Water homeostasis. 1

water potential experiment

In contrast to nest temperature, nest humidity appears to be tightly regulated.

Humidity regulation is one of the major claims of the "air conditioned termite nest idea", and humidity control indeed is the major factor in air conditioning in buildings.

As it turns out, the mound has only a tangential relation to regulation of nest humidity. Where the mound is involved with colony water homeostasis, it is in a surprising and unexpected way.

fresco

Measuring nest humidity

water potential sensors

Humidity in the nest is determined by the moisture in the soil. The two come into equilibrium, so that nest humidity is essentially equivalent to the local soil wter potential.

Water potential can be measured by using plaster of paris blocks that have sensors embedded in them. When these are placed into mounds, termites build around them, embedding them in local soil. The plaster then absorbs or releases moisture until it comes into hydric equilibrium with the soil. One can then measure the water potential of the plaster, which will be equivalent to the water potential of the soil.

Our initial experiment measured water potentials in the same two mounds (OM123, alive, and OM126, dead) that were used for temperature measurements, and the placement of sensors was the same.

sensor array

In the soil, moisture was measured at two depths, shallow (-10 cm) and deep (-1 m). The soil sensors were laid out in a grid so that the moisture in the surrounding soil could also be monitored.

sensor array2

With the help of the staff at the Omatjenne Research Farm, we followed nest and soil moisture for about two years.

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shallow soil mositure

Annual variation in soil water potentials

Soil moisture at Omatjenne is driven by strong seasonal patterns of rainfall, with winter drought and a summer rainy season consisting largely of convective disturbances that produce episodic torrential rainfalls.

Soil moistures were measured once per day. We express water potential as a color mao (blue is wet, red is dry) that plots day of the week on the vertical axis and week of the year on the horizontal axis.

The episodic nature of the rainfalls is evident in the patterns of moisture in superficial soils (10 cm deep, plot to the right). The plots are highly variegated, signifying rapid saturation and equally rapid drying.

Deep soil moisture was measured during a different time frame, but is more extensive. Three things are noteworthy.

deep soil moisture

First, the seasonal variation of deep soil mosture is less variegated than that of superficial soil moisture. This simply means that deep water sources are gradually charged during the rainy season, and gradually discharge during the dry season. It also means that deep soil can serve as an effective water reservoir that termites can exploit during the rainy season.

The second noteworthy observation is how spatially heterogeneous deep soil water is. Near OM123 (ST 1 -1m and ST2 -1 m), for example, there is a substantial area of persistently quite moist soil. Near OM126, it is dryer.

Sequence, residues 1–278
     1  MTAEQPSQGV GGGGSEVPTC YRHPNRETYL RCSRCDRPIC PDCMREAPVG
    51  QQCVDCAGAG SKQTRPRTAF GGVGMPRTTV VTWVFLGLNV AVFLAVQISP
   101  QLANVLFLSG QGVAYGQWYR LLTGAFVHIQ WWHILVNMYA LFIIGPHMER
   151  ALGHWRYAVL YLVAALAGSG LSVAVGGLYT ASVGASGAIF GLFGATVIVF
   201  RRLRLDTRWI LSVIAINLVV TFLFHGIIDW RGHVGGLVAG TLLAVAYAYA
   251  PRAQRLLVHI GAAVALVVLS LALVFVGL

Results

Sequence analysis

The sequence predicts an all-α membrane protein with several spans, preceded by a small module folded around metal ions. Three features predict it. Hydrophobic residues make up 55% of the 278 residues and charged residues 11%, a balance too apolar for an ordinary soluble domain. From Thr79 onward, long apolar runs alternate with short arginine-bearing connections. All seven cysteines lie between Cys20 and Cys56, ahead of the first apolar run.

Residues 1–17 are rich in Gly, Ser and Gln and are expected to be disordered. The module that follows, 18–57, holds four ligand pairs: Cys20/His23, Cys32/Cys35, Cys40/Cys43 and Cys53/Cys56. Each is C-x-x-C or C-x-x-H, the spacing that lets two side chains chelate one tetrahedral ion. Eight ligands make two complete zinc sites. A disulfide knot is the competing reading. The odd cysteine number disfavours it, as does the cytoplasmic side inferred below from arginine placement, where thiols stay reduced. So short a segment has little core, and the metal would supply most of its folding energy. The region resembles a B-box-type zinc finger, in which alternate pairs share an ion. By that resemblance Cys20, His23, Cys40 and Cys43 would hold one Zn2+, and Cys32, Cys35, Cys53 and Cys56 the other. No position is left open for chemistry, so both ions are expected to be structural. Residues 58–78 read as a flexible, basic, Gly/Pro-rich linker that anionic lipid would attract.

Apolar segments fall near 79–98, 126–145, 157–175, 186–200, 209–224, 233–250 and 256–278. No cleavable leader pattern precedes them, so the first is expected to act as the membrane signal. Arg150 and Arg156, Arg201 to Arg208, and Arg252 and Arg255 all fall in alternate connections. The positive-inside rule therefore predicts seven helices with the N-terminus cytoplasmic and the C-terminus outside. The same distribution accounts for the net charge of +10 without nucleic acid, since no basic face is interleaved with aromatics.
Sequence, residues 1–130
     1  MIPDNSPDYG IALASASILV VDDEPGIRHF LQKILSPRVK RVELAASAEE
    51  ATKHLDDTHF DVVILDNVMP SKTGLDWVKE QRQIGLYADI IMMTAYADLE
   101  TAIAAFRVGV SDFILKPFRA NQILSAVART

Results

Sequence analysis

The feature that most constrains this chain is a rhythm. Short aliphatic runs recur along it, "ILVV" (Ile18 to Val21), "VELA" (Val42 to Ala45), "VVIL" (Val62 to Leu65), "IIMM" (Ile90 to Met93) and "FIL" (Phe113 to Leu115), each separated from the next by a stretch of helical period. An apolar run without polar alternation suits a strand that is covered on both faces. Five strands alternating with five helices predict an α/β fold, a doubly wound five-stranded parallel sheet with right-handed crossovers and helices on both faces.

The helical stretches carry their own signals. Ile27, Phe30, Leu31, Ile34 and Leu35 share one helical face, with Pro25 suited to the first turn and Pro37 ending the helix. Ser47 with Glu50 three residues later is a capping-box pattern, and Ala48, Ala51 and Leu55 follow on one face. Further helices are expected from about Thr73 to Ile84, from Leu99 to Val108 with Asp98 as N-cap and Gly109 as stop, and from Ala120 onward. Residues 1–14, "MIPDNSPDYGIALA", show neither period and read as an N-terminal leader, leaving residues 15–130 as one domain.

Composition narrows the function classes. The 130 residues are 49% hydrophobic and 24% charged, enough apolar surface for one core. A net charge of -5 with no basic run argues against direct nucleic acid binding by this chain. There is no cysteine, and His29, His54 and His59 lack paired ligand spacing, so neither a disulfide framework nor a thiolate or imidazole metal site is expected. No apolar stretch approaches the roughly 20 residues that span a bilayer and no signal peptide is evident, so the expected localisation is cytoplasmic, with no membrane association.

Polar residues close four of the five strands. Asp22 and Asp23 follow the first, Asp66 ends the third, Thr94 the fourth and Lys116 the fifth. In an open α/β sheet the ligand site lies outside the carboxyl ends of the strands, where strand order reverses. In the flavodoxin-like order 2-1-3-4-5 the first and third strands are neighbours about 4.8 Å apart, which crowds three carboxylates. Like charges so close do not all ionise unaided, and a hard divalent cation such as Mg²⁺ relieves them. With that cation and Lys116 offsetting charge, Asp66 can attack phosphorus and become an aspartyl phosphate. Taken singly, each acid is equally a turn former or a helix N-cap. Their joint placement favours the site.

Third, there are anomalous periods duriong the dry season when previously dry soil suddenly becomes moist and then dries again ( ST2D), or become persistently moist (ST1 D, ST4 A, ST6 C and ST6 D). This reflects local termite activity, and this is an important clue to the relationship between nest humidity regulation and the mound.

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Moisture in the mound and nest

Within the mound and nest, the annual march of moisture differs somewhat from the undisturbed soil.

OM123 moisture om126 mositure

The first point of difference is in the moisture of the mound (TS, SS, NS and MC). This exhibits the same seasonal variation as was apparent in the soils. Indeed, some of the superficial sites, such as TS, show even stronger seasonal variation. This is to be expected because mound temperatures are more strongly driven by environmental circumstances.

The second point of difference is the temporal variation of deep mound moisture. Where the rise and fall of moisture in deep undisturbed soils was temporally uniform, the annual rise and fall of deep moisture in the mound varies in onset. This is particularly evident in OM123. This cannot be attributed to rainfall. It is caused by termote activity within the mound.

Finally, note that nest moisture of OM123 is very uniform throughout the year, despite being surrounded by soils that vary in moisture considerably through the year. The situation in OM126 is less clear. Nest moisture there is highly variable and patchy. .

sensor placement

OM126 is a special case. At the time sensors were placed, the mound was assumed to be similar in structure to OM123. We discovered only later that this colony had shifted its location laterally so that the LN sensor was in fact grazing the outer margin of an abandoned nest. This is why the soil mositure there is so patchy.

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Termite pages

Termite home

Structure

Endocasting

Social homeostasis

Nest temperature

Water homeostasis 1

Water homeostasis 2

Water homeostasis 3

Fungal symbiosis

Fungal symbiosis and water 1

Fungi and water homeostasis 2

Gas exchange 1

DC vs AC Gas Exchange

Gas exchange 2

Gas exchange 3

Gas exchange 4

Omatjenne

Team Omatjenne

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